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The Welsh Rugby Union

An independent review of the Welsh Rugby Union has delivered a damning verdict on a “toxic” culture of bullying and discrimination, allied to widespread political infighting and general incompetence in the organisation.

A BBC Wales programme broadcast in January prompted an outcry after a number of former employees made allegations of sexism and discrimination experienced while working for the WRU. Inadequate governance, a lack of focus on and commitment to building the women’s game, internal political tensions and a culture of bullying and misogyny are all highlighted in the report published on Tuesday.

It paints a comprehensive picture of failure in an “unforgiving, even vindictive” environment that was experienced by some employees. “We asked the WRU to confirm that the factual content of our report is accurate, and they did,” the report states.

Having been appointed in February, the review panel of three – the chair, Dame Anne Rafferty, Quentin Smith and Maggie Alphonsi – have made 36 recommendations for improvements and reforms. These include the appointment of an oversight body, continued reform of the WRU board, increasing investment in the women’s game, and aligning the organisation “clearly and publicly” with inclusion and diversity.

More than 50 witnesses or groups of witnesses were interviewed during the seven-month investigation, including amateur and professional players, senior and junior staff at professional and amateur clubs and external stakeholders, with 5,000 pages of documentary evidence considered.

Summing up its overall governance culture, the report quotes a former director of the WRU saying: “The board was both frightened of what they had to do and unaware of what they had to do: if I ask the right question, I don’t know what to do with the answer. So it’s much better not to ask the question.”

The report also describes a general failure of governance, saying the WRU lacked “the appropriate skills to run a £100m business” and that it “was an organisation unsure on its feet, allowing problems to develop and with a tendency to manage the problem rather than the underlying issue”.

“The governance culture has been criticised as too political,” it states, with one manager quoted as saying: “I don’t know who to trust. I feel like I’m not being 100% true to myself because there are things that I’d want to call out, address or bring up but I felt vulnerable because I don’t trust people.”

Abi Tierney, the incoming WRU Group chief executive, who begins her role in January, said: “The independent review’s report is incredibly humbling and describes issues, actions and attitudes that are hugely regrettable. They should not exist in our, nor any, workplace … We will implement all of the recommendations the independent review panel has made.”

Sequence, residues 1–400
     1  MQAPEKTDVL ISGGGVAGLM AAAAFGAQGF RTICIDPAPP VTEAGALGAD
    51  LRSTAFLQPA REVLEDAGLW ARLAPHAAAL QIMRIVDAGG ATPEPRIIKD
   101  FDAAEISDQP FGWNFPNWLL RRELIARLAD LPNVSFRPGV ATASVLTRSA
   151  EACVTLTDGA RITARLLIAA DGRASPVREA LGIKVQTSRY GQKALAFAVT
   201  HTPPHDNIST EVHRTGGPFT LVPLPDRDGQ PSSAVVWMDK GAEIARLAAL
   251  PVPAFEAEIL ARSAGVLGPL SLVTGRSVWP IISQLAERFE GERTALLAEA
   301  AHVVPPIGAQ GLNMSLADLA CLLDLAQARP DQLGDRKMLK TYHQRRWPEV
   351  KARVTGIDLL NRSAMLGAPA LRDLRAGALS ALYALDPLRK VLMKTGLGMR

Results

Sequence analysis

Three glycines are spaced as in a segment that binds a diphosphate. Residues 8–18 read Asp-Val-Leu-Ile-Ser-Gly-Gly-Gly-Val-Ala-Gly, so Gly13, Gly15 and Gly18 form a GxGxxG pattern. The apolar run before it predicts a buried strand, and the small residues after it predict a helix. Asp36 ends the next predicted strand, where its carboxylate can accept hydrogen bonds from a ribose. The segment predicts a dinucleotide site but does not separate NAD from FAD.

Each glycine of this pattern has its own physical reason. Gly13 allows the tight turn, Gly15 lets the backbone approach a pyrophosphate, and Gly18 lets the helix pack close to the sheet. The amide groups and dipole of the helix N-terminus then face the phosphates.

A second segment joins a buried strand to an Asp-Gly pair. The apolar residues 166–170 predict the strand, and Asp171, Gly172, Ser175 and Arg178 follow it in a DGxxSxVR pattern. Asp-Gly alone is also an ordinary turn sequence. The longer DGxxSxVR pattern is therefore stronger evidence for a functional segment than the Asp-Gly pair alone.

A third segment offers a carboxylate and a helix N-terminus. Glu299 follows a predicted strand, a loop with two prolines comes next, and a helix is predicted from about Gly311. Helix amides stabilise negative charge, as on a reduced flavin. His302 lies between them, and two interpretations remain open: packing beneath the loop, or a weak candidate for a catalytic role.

Richard Collier-Keywood, the WRU chair who was appointed in June, said: “For anyone who cares about rugby in Wales it is a very difficult read and it is a particularly difficult read if you work at the WRU.

“It is clear that there were many opportunities to avert the serious problems described which were simply not taken … We have a lot of work to do to win back the trust of our colleagues, our players, the volunteers who are the heart of our community game, and the supporters …

“We are truly sorry to those who have been impacted by the systems, structures and conduct described in the report which are simply not acceptable. We have to do better and we will.”

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Steve Phillips resigned as chief executive within a week of the BBC programme being broadcast in January. In a letter included in the report, Amanda Blanc, the former chief executive who resigned in November 2021, writes of Philips’s appointment: “This was another example of a really poor governance process that would never have been approved in any other organisation I have experienced around the world.”

In explaining her resignation Blanc had said she was “beyond disappointed” with a review into the women’s game, which “verged on the insulting”. Blanc had alleged: “The board has discussed an allegation of bullying of a female member of staff but spent most of the time on how to defend the man concerned.”

She also said the WRU was “sitting on a ticking time bomb” in terms of diversity and inclusion. Described in the report as “one of the UK’s most senior female corporate executives”, it says she had been asked by a fellow board member: “What do you know about governance?”

The report includes the caveat that the situation may have improved in the organisation as “many of the people involved have moved on”. The conclusions “do not mean that all – or even most – people have experienced bullying or discriminatory behaviour,” it says, but “a significant number did experience a toxic environment of the type we have described”.

Nigel Walker, the WRU’s interim chief executive, said: “We very much welcome the hard work and scrutiny of the review panel and we have already said that the recommendations of the independent review will be implemented in full. We are determined to lead a culture everyone in Welsh rugby can be proud of.”

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